Steel Mills

U.S. Out Front in Decarbonization Debate

Written by Sandy Williams

The global steel industry is one of the biggest culprits in the climate change debate, responsible for some 7 percent of harmful carbon dioxide emissions each year. Every ton of steel produced in 2018 released 1.85 tons of carbon into the atmosphere. Thus the steel industry is under enormous pressure to reduce its carbon footprint. Fortunately, U.S. steel producers are among the most CO2 efficient in the world, said CRU Analyst Ryan Smith in his remarks during the SMU Virtual Steel Summit last month.

The trend toward electric arc furnace production has driven decarbonization in the U.S.  “The amount of CO2 a facility emits, and the CO2 intensity of the steel produced, is directly proportional to the amount of carbon that enters a facility,” wrote Smith in a recent article. “One hundred percent scrap-based EAFs produce steel with the lowest CO2 intensity as the carbon inputs are mostly in the form of graphite electrodes, natural gas and small quantities of injection coal for slag foaming.”

As the proportion of metallics containing carbon increases, so does the CO2 intensity. DRI and HBI are produced to have lower levels of carbon and impurities, which reduces carbon emissions.

Carbon in the form of coal and coke are the primary contributors to CO2 emissions in BF-BOF steelmaking. U.S. blast furnace producers are setting intensity standards globally by using reductants like natural gas and hydrogen, Smith said.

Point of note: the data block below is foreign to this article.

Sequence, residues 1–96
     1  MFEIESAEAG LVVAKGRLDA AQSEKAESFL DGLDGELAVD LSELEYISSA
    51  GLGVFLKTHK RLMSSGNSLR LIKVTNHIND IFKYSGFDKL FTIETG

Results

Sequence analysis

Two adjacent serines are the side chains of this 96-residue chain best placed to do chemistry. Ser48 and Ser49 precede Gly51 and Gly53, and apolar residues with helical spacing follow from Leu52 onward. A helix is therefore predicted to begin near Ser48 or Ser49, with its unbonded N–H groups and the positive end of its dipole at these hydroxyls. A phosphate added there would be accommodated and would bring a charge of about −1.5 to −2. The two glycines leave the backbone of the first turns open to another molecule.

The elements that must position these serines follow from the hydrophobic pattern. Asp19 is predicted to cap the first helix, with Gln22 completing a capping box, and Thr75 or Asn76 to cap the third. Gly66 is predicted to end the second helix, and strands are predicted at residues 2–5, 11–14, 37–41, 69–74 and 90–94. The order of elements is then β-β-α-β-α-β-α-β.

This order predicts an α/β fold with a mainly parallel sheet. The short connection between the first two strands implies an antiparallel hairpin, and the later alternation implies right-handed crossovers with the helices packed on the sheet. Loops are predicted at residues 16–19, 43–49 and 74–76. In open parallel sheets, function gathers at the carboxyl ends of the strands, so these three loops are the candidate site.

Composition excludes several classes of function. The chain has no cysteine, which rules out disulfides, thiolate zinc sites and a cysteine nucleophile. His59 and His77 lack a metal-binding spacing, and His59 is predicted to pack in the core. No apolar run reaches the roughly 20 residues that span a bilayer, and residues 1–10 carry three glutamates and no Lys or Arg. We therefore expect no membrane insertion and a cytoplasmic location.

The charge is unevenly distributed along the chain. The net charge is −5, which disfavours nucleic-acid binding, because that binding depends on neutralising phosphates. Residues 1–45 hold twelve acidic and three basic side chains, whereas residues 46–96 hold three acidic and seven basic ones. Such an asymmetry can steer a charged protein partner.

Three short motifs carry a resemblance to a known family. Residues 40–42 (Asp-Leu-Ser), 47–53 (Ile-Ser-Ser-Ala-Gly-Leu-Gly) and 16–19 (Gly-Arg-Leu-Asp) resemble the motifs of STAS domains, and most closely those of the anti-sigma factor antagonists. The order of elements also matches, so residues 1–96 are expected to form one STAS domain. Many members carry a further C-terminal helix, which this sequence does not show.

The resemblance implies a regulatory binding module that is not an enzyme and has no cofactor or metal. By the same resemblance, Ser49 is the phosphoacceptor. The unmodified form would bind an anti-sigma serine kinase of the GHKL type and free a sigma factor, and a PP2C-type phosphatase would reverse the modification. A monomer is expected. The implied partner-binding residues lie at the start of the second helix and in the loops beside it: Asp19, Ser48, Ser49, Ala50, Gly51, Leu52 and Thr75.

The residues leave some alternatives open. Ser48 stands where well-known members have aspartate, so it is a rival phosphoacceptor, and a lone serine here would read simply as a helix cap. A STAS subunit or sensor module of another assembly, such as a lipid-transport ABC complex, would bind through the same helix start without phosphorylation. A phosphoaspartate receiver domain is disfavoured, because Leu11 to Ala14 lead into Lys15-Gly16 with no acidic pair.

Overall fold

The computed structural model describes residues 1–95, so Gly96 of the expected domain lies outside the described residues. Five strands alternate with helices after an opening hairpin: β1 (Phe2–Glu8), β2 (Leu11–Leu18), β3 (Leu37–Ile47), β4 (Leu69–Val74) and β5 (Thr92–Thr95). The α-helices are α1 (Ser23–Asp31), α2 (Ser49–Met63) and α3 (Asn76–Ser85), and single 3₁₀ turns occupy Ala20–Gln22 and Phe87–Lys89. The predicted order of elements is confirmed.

The European Union is considered the most developed market in terms of carbon initiatives, utilizing carbon pricing to incentivize lowering CO2 emissions in industrial production. Under consideration is an EU carbon border tariff adjustment on imports, such as steel, that have not paid a carbon price in their country of origin.

U.S.-produced steel is already less CO2 intensive relative to imports. If a carbon border tariff adjustment were instituted by the U.S., it would  increase domestic competitiveness, raising the cost of imports by about $30 per ton, Smith estimates.

If CO2 carbon pricing were applied globally, the U.S. would again benefit. Pricing much higher than $50 per ton would be required, however, to truly incentivize a “wholesale transition to low carbon steelmaking technology,” said Smith.

The idea of a carbon border tariff adjustment has received considerable pushback, with some calling it a protectionist trade measure that would punish developing countries. Others see it as a way of ensuring fair play.

University of California Economist Alan Auerbach is one proponent. “Unlike tariffs on imports or subsidies for exports, border adjustments are not trade policy. Instead, they are paired and equal adjustments that create a level tax playing field for domestic and overseas competition.”

Latest in Steel Mills